Pun because this book (and the three that follow it, making up the Mortal Engines Quartet) are about cities on wheels. Specifically, we spend a lot of time in London, many thousands of years in the future, as it rumbles through the wastelands, gobbling up smaller cities on wheels and plotting world domination using old tech from the Ancients. (That’s us, obvs.)

I will confess that I saw the movie a couple of weeks ago, which I wouldn’t normally do, before having read the source material. Oh, there are plenty of adapted films I have seen without reading their basis, of course, but this is mainly because I had no plans to read said books. Or I was unaware the film was an adaptation until it was too late. (Don’t you hate it when you’re already in the cinema when the dreaded “based on the novel by” credit flashes up on the screen? This happens alot, nowadays.)   

I… didn’t love the movie. And I am hardly the only one. It is being called the biggest flop of 2018, or even the worst movie of 2018 in some quarters, which seems pretty harsh in a year that gave us Overboard and Future World. Yes, in my review for Romantic Intentions Quarterly, I called it “Mad Max meets Howl’s Moving Castle meets Stardust, and far less than the sum of those parts.” I said it was “a visually splendid but largely forgettable experience.” All of this is true. But there was enough that was good about it that I wanted to read the book that inspired it. I was certainly intrigued enough by the world we are shown, by the characters we — barely — meet and the hints of greatness sprinkled throughout that I dug out my long-owned copy of the book that began it all, and dove right in.

It really is very, very good. And I can see why Peter Jackson, a man with a grand vision and a penchant for taking risks, would want to try to bring it to life. But I can also see why he, by and large, failed to do so. Because boy oh boy, Mortal Engines is so many things at once — action adventure and allegory and revenge tale and dystopia and gigantic improbable cities on wheels, for goodness sake — that capturing all of that oddity and having it make any kind of sense was always going to be a massive undertaking.

Having seen the film and read the book in such close succession, I can see where cuts were made, characters were eliminated and/or conflated and events were twisted, and mistakes were definitely made there, no doubt about it. The standout characters of the novel — bookish Tom, firebrand Hester, noble Katherine, earnest Bevis, assorted fussy and venerable Historians — are given too short a shrift. In the book, you care about them. You’re invested in Tom and Hester’s burgeoning relationship. More than that, you believe it. I don’t think the same can be said for the film. Meanwhile, zombie cyborg soldier Shrike is great in the film, but so much better in the book. (And in the book, you properly understand that he is a zombie cyborg soldier.)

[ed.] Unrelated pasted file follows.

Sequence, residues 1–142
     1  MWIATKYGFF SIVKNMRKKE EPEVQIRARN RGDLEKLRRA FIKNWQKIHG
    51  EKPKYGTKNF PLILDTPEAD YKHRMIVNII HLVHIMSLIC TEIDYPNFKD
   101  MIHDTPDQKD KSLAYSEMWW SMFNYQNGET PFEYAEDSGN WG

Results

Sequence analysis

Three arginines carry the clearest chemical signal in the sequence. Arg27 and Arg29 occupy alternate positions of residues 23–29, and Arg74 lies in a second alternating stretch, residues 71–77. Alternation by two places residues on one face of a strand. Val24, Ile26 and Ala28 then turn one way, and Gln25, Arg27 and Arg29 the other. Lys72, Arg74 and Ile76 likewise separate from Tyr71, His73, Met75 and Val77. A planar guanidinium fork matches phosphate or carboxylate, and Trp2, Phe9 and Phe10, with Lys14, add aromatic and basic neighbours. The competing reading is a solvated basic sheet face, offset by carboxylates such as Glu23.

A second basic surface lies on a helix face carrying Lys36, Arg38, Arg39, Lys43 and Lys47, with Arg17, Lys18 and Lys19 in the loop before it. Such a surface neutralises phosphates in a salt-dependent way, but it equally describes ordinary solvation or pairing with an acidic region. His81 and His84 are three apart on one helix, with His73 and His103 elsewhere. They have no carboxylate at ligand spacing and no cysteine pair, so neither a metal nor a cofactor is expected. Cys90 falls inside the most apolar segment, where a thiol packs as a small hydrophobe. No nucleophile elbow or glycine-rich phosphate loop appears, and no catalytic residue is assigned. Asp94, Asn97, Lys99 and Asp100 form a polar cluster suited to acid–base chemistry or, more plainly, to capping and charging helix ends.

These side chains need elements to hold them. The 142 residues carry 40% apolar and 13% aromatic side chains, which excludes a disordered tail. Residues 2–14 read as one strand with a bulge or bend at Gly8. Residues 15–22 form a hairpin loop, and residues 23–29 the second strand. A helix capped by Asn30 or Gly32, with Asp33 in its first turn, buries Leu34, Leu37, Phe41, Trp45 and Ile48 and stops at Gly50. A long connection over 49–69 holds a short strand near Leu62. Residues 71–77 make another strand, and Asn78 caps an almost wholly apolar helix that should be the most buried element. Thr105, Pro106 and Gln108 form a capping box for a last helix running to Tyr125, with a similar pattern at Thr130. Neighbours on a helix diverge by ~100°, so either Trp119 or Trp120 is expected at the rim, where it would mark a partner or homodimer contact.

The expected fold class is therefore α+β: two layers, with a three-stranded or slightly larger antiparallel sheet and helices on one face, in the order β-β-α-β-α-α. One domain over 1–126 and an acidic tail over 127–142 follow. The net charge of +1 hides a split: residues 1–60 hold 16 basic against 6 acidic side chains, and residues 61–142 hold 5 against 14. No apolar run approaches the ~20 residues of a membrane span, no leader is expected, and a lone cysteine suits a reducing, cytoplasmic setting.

For all the movie’s flaws, I have to say that I am glad I saw it, if only because it led me to read Mortal Engines. It is a whirlwind of a book, a treasure of a book, with a fascinating (if outlandish) premise, a cast of likable and/or relatable characters, quite thrilling action sequences, and it is not afraid to pull any punches or kill any darlings. YA dystopia is a vast and varied playground in which I have spent many a long year and many a happy/sad/frustrating/glorious hour, but Mortal Engines has now taken its place among my very favourite examples of the genre.

SCORECARD

TBR DAY 2: Mortal Engines (Mortal Engines #1) by Philip Reeve.
GENRE: YA Dystopia/Steampunk
PUBLISHED: 2001
TIME ON THE TBR: 9 years.
PURCHASED FROM: Borders! Somewhere on Manhattan’s Upper East Side. That is how long ago it was that I bought this book.
KEEP: Yes. And I will definitely be reading the sequels.

 

READING THE TBR, DAY 1: Black Coffee by Agatha Christie and Charles Osborne

In preparation for clearing this book from my TBR pile, I have been re-reading Agatha Christie’s Hercule Poirot series across the last couple of weeks. Although Black Coffee was originally published in 1998, I had never heard of it nor seen it listed in any Poirot bibliography until I found it in a second hand bookshop a couple of years back, as it is an adaptation — by Australian novelist Charles Osborne — of a 1930 play, the first penned by Christie.